An unexpected pathway to treating neurodegenerative diseases
Scientific success stories can sometimes occur when therapies being studied for one disease can be used to treat another.
In the case of the drug we have been studying in my lab, this is especially important because it could be used to develop a drug for Alzheimer's. This cancer drug, lonafarnib, may be able to rid the cell of abnormal tau proteins and the clumps of tau protein called tangles that, together with other abnormal proteins called senile plaques, are the hallmarks of Alzheimer's disease. Plaques and tangles are two structures easily observed under the microscope in the brains of deceased Alzheimer's patients.
I am neurologist and a neurobiologist and have been interested in the diseases associated with the tau protein for nearly three decades, first while I worked at the Harvard Medical School and Brigham and Women's Hospital and now at the University of California, Santa Barbara, where I co-direct the Neuroscience Research Institute.
We used mice engineered to develop tau tangles, and showed in my lab that lonafarnib prevents their formation. This approach, called repurposing, is the use of a drug originally invented to treat one disease, but is unexpectedly effective in another. Because tau in the neurofibrillary tangles is a critical feature of Alzheimer's, a disease that has risen to pandemic proportions worldwide, I believe this repurposed drug should be a high priority for testing in clinical trials.
The key component of neurofibrillary tangles is the tau protein, a normal brain protein that in the course of the disease aggregates into long rope-like structures and ultimately strangles neurons in disease. This transition from a normal protein to an aggregate is the focus of our research and using a repurposed drug was a useful way to probe the transition.
One thing that is exciting about repurposing this cancer drug is that testing has clearly demonstrated its safety in humans. Society does not currently have any medication that can modify or prevent Alzheimer's – which underscores the importance of following our results from mice to patient testing. However, many details need to be worked out before a trial can proceed and the most appropriate study subjects chosen.
Nevertheless, it is now a good time to move promising drugs to the clinic given the recent failures of many drug trials for Alzheimer's disease.
So how did we link a cancer drug with the tau protein?
The first step before even being aware of the cancer drug was a difficult and risky experiment we conducted that had a surprising outcome. We collected skin cells from patients with a form of dementia called frontotemporal dementia that has only neurofibrillary tangles but no senile plaques. In the absence of senile plaques, we cannot call this disease Alzheimer's even though neurofibrillary tangles made of tau are a shared feature.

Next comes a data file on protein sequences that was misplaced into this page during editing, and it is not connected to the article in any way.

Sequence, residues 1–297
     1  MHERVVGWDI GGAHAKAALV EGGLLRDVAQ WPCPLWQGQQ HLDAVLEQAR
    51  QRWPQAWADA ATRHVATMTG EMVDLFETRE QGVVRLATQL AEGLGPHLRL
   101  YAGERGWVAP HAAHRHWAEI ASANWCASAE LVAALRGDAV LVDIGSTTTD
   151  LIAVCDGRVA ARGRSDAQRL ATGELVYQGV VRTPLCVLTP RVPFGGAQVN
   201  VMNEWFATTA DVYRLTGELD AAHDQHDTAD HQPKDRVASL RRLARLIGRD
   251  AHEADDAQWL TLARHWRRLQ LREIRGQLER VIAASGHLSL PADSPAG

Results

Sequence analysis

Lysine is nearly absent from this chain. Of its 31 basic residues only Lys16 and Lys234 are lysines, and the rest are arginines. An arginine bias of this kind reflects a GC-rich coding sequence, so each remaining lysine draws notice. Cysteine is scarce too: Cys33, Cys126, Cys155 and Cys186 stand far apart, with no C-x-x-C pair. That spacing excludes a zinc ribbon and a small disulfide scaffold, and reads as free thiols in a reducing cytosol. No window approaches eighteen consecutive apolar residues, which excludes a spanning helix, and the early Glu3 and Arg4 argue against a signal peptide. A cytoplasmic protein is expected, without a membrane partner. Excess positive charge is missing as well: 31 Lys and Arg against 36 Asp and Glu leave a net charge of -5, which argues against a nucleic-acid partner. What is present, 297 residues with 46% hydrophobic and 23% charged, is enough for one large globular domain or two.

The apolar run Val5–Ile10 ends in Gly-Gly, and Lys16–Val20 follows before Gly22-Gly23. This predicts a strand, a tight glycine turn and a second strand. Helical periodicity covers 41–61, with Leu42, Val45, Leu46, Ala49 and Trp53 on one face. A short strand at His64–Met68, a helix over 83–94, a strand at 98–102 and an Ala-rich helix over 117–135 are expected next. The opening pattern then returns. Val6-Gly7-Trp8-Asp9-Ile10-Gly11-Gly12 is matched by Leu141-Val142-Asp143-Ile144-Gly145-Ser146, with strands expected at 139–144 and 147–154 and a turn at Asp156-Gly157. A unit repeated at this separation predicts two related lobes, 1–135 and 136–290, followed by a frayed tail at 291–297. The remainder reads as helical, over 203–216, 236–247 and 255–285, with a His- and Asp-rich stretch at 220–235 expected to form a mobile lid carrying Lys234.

This disease simplified our quest because we didn't have to worry about the plaques. But we believe the findings will certainly be relevant to Alzheimer's disease especially as researchers increasingly appreciate the importance of the tangles in causing the dementia.
Furthermore, in the cases we studied, we knew the specific cause of the patients' dementia; these patients all had mutations in their tau gene. We sampled and grew their skin cells in the lab using a specialized technique and then compared them with skins cells from patients with normal tau. We detected a gene, and the protein it produced – Rhes – that was abnormally turned on in the cells from patients with the tau mutations but not in the control cells. That was the ah-ha moment because the Rhes protein belongs to a family of proteins targeted by the cancer drug, lonafarnib.
Then came the mental leap, which makes science exciting.
Targeting tau for the trash compactor
Like most proteins, this one, Rhes, has multiple functions, and deciding which specific function to pursue requires both savvy and luck. In our case, we found a drug that lowered the level of the Rhes protein and enabled the abnormal tau protein to get directed into a cell compartment that degrades proteins. This compartment is called the lysosome, and it acts like a trash compactor. This organelle destroys tau before it can form tangles.
To test this drug we used genetically engineered mice that develop human tau tangles and then dementia. Such animals often run in circles. But when we fed these animals lonafarnib, the drug blocked the formation of the tau tangles in the brain and the abnormal behavior.
When tau tangles disrupt the normal brain activity, the mice are unable to build nests. But the mice receiving the drug proceeded with nest-building and other normal behaviors. Mice that were untreated all developed dementia.
Seeing these results and then replicating them several times were exhilarating moments and is the reward for many experiments that do not work. However, any student considering doing this type of research should have a comfort level with the long game.